Review: BHOOMI

Surely Sanjay Dutt could have chosen a more sensible (read: mature) vehicle to make his comeback. Even with the battle-scarred Dutt, the rape-revenge-retribution saga is turning out to wear thin.
A blink-and-miss opening scene tells you that a woman is being sexually assaulted in a moving vehicle at night, with one of her shoes falling out. Cut to ‘one month earlier’ where Bhoomi (Aditi Rao Hydari) is in a blissful world of her own— with her single parent dad Arun Sachdeva (Dutt) and fiance Neeraj (Siddhanth Gupta).
The horrific incident turns her world upside down with an elderly relative cautioning her to keep quiet  about the incident. But she does — to Neeraj at ‘baaraat’ time and predictably, guests vacate the mandap.
That’s the cue for director Omung Kumar (Mary Kom, Sarbjit)  to introduce the inevitable court-room drama where the defence lawyer takes liberties humiliating the victim by asking her about her late nights, her virginity and details of the rape—all in a packed courtroom.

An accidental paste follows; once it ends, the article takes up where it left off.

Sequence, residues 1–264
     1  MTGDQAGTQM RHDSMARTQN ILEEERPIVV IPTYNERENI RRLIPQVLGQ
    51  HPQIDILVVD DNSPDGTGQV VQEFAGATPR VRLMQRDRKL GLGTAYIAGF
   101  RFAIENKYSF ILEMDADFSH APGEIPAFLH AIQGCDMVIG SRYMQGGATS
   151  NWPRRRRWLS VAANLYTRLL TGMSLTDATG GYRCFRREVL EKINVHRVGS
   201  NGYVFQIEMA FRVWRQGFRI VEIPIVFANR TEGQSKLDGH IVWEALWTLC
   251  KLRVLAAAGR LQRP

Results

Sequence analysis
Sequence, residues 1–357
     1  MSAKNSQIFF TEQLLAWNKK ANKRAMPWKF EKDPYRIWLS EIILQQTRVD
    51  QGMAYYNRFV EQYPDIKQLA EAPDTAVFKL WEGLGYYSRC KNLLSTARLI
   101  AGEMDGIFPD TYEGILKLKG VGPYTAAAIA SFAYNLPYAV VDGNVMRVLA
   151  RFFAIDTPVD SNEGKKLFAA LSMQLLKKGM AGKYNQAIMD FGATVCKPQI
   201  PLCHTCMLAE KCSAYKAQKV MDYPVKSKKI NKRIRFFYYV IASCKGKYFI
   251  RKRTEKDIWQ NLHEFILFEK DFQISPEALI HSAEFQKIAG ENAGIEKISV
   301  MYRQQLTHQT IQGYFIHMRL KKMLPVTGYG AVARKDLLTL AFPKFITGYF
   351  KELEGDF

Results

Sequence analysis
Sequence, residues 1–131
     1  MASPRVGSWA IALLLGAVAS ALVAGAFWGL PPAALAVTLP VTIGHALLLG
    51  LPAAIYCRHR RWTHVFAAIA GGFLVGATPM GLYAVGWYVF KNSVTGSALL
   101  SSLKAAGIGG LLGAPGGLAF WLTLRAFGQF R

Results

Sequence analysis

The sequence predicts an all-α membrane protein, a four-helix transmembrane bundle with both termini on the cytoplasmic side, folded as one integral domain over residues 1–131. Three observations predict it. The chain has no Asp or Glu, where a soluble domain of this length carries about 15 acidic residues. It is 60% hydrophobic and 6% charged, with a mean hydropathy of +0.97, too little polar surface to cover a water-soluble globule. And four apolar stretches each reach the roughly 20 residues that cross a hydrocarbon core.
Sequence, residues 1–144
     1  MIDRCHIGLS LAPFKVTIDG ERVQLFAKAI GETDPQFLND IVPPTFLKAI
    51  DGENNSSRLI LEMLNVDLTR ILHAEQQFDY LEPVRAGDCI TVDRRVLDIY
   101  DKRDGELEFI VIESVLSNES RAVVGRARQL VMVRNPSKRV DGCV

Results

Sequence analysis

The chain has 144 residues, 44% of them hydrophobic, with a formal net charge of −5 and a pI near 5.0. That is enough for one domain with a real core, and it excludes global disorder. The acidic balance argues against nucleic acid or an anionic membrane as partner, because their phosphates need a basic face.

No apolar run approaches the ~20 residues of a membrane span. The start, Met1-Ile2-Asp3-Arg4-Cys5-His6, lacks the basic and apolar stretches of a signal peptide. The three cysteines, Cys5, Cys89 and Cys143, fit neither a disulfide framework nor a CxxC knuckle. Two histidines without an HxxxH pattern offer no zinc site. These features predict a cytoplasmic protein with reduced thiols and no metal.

A red-eyed father and his teary-eyed daughter, after exhausting all legal avenues extract justice in the most predictable ways in the second half. It’s a long buildup in the first half of a loving and doting shoe-maker father, spending evenings drinking with his friend (Shekhar Suman), and a villain Dhouli (Sharad Kelkar) and his two buddies gang- raping Bhoomi.
The screeplay and dialogues sound outdated especially with recent films such as Mom, Kaabil and Maatr.
Add to it Bhoomi’s symbolic ‘pink’ dupatta and for the viewer it’s sheer deja vu. And with the villain taunting Arun with corny dialogues such as ‘in Dhaulipur it’s save the water but in Agra it’s save the daughter’, one wishes the grown-up Sanjay Dutt sticks to Munnabhai films.

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